U.S. Treasury Secretary Janet Yellen answers questions during the Senate Appropriations Subcommittee hearing on Capitol Hill in Washington, D.C., June 23, 2021. (Greg Nash/Reuters)
Some Republicans are challenging Treasury Secretary Janet Yellen’s claim that a tax enforcement provision in the $3.5 trillion reconciliation bill will only target high income tax evasion.
Republican Senator Cynthia Lummis of Wyoming argued to Fox Business that the proposal, which would allow the IRS to monitor all transactions in bank accounts with more than $600, normalizes a level of data extraction from average Americans that is a major encroachment into the private sector and personal liberties.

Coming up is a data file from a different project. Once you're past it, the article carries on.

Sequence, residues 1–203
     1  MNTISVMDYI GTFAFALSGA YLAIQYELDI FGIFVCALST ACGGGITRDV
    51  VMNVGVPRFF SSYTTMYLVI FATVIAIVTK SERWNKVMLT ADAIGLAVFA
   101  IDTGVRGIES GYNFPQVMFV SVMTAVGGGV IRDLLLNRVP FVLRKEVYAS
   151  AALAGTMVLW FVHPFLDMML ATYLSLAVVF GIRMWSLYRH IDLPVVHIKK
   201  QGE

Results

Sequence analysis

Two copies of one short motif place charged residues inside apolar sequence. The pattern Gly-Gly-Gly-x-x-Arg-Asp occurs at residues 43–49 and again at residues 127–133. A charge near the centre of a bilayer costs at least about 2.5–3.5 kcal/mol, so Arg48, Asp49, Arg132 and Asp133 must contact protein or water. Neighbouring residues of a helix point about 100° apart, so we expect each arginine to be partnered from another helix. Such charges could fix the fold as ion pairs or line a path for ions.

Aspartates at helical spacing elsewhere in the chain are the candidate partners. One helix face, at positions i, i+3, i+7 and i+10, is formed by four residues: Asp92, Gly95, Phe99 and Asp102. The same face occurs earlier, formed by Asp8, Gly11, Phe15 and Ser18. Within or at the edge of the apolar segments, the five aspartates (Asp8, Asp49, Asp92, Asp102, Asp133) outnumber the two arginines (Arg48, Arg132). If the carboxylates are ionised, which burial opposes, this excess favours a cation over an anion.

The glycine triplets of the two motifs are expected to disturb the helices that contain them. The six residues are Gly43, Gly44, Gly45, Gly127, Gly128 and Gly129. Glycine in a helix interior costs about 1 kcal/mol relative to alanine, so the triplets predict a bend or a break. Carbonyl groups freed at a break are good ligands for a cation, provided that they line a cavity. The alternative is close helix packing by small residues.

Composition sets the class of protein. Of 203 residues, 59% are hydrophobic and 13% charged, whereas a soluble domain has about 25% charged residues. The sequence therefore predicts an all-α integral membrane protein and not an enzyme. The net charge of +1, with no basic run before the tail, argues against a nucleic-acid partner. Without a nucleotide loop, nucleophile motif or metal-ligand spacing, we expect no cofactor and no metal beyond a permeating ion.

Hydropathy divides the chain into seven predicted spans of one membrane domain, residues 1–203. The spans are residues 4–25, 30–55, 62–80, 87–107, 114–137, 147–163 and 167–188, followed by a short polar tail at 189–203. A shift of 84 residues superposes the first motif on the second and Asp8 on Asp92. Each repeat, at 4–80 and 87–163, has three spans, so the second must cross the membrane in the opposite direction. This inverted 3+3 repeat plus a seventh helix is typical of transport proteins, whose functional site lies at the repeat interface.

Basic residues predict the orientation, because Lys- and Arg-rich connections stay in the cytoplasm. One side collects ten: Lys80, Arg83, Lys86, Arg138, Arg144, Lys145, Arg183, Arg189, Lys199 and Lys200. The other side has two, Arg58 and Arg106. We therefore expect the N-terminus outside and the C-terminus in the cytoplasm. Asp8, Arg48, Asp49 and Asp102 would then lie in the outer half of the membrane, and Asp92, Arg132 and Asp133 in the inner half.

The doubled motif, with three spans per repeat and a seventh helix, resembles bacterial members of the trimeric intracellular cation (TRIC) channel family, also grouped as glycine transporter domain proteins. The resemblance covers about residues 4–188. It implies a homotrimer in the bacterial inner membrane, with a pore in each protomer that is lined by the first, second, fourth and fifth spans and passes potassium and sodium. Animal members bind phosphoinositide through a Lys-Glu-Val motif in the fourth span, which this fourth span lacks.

“No amount of explaining will change the fact that this $600 reporting threshold is completely unacceptable, a massive government overreach, and gives the IRS data they can’t manage properly,” Lummis told the network.
“Secretary Yellen is essentially implying the American people are regularly committing tax fraud,” she added. “Throwing out ‘innocent until proven guilty,’ this rule would facilitate unwarranted snooping by the IRS.”
In response to Republican outrage over the rule, Yellen clarified in an interview with CBS that banks would report full-year inflow and outflow information from bank accounts rather than monitoring individual